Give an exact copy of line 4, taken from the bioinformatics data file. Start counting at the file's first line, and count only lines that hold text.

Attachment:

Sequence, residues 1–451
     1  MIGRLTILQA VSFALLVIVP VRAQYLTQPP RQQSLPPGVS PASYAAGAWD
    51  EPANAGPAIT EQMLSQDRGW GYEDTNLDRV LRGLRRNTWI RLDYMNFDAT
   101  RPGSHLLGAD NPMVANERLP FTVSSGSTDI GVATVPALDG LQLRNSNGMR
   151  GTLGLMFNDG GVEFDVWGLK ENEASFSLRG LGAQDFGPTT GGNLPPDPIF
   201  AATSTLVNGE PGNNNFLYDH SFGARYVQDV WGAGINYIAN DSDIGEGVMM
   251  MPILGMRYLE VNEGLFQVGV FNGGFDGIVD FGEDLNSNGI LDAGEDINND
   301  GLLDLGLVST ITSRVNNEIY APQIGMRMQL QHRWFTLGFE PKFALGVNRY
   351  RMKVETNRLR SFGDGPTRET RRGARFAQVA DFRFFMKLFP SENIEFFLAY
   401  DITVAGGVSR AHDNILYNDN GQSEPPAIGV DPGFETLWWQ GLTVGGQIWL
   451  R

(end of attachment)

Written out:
   101  RPGSHLLGAD NPMVANERLP FTVSSGSTDI GVATVPALDG LQLRNSNGMR